9. Irwin, Douglas A. & Pavcnik, Nina, 2004. "Airbus versus Boeing revisited: international competition in the aircraft market," Journal of International Economics, Elsevier, vol. 64(2), pages 223-245, December.
    10. Francisco L. Rivera-Batiz & Luis A. Rivera-Batiz, 2018. "Economic Integration and Endogenous Growth," World Scientific Book Chapters,in: International Trade, Capital Flows and Economic Development, chapter 1, pages 3-32 World Scientific Publishing Co. Pte. Ltd..
    11. Yuriy Gorodnichenko & Jan Svejnar & Katherine Terrell, 2010. "Globalization and Innovation in Emerging Markets," American Economic Journal: Macroeconomics, American Economic Association, vol. 2(2), pages 194-226, April.
    12. repec:aea:aecrev:v:108:y:2018:i:11:p:3450-91 is not listed on IDEAS
    13. Bronwyn H. Hall & Adam B. Jaffe & Manuel Trajtenberg, 2001. "The NBER Patent Citation Data File: Lessons, Insights and Methodological Tools," NBER Working Papers 8498, National Bureau of Economic Research, Inc.
    14. Marc J. Melitz, 2003. "The Impact of Trade on Intra-Industry Reallocations and Aggregate Industry Productivity," Econometrica, Econometric Society, vol. 71(6), pages 1695-1725, November.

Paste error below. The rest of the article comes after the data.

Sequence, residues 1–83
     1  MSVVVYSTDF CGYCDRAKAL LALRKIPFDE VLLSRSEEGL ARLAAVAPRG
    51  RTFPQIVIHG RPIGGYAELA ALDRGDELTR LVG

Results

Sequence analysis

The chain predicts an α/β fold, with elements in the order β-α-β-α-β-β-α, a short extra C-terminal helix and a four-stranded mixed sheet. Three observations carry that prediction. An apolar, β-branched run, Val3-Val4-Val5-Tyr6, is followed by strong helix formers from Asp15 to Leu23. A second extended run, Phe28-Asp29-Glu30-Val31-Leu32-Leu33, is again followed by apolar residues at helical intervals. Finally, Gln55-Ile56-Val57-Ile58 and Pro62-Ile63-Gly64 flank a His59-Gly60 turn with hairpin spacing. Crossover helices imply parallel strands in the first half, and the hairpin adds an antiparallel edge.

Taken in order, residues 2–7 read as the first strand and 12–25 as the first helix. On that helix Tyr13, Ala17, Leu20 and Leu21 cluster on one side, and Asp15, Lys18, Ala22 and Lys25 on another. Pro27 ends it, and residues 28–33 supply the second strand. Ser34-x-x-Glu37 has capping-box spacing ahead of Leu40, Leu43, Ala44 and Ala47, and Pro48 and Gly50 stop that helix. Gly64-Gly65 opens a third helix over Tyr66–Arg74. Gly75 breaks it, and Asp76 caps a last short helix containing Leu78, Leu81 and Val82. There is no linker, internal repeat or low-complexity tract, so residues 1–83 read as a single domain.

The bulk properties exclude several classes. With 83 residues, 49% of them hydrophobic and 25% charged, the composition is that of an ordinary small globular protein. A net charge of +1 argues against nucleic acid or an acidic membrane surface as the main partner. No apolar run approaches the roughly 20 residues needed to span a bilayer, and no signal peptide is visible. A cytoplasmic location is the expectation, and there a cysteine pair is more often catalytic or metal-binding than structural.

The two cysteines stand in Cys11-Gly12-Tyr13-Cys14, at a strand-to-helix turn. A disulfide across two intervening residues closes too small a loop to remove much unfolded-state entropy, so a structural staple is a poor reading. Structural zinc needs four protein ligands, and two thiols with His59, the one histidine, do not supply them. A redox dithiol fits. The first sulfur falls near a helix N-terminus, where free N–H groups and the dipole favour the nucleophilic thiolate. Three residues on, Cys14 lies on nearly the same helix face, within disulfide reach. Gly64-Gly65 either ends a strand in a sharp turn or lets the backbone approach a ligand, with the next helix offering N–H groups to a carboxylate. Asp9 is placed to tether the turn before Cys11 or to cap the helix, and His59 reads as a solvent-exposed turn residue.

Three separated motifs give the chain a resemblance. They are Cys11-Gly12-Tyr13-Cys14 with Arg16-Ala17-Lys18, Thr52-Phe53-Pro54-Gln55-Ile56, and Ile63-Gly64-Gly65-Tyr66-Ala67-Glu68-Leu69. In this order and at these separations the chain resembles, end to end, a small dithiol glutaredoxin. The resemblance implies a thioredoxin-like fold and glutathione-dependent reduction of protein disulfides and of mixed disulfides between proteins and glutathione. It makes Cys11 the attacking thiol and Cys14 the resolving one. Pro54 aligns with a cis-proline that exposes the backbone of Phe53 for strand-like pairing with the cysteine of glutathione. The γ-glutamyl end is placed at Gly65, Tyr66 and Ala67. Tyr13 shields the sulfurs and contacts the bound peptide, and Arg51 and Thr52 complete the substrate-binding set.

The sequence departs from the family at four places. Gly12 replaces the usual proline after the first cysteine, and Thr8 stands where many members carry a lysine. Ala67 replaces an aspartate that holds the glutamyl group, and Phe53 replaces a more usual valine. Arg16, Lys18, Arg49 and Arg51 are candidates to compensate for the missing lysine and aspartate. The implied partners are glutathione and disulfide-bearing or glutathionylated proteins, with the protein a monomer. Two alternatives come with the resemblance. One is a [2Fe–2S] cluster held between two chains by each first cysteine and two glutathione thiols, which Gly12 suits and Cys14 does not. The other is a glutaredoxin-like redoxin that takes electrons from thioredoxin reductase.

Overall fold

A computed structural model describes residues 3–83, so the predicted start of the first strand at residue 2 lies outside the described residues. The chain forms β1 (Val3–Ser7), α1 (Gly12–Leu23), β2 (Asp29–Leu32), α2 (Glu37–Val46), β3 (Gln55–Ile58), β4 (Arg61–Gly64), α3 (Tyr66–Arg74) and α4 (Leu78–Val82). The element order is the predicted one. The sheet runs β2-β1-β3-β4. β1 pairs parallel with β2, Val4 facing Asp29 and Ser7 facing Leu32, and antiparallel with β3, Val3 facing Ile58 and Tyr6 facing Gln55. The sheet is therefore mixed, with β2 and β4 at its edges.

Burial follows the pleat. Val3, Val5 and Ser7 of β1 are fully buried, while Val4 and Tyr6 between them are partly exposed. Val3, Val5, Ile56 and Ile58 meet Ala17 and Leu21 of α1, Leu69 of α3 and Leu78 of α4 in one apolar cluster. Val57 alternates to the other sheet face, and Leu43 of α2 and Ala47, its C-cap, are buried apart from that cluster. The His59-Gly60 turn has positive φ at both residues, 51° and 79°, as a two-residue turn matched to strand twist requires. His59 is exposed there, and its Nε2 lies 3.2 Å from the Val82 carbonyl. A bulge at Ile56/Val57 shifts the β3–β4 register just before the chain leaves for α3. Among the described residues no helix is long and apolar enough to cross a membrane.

15. David H. Autor & David Dorn & Gordon H. Hanson, 2013. "The China Syndrome: Local Labor Market Effects of Import Competition in the United States," American Economic Review, American Economic Association, vol. 103(6), pages 2121-2168, October.
    16. Giammario Impullitti, 2010. "International Competition And U.S. R&D Subsidies: A Quantitative Welfare Analysis," International Economic Review, Department of Economics, University of Pennsylvania and Osaka University Institute of Social and Economic Research Association, vol. 51(4), pages 1127-1158, November.
    17. Daniel J. Wilson, 2009. "Beggar Thy Neighbor? The In-State, Out-of-State, and Aggregate Effects of R&D Tax Credits," The Review of Economics and Statistics, MIT Press, vol. 91(2), pages 431-436, May.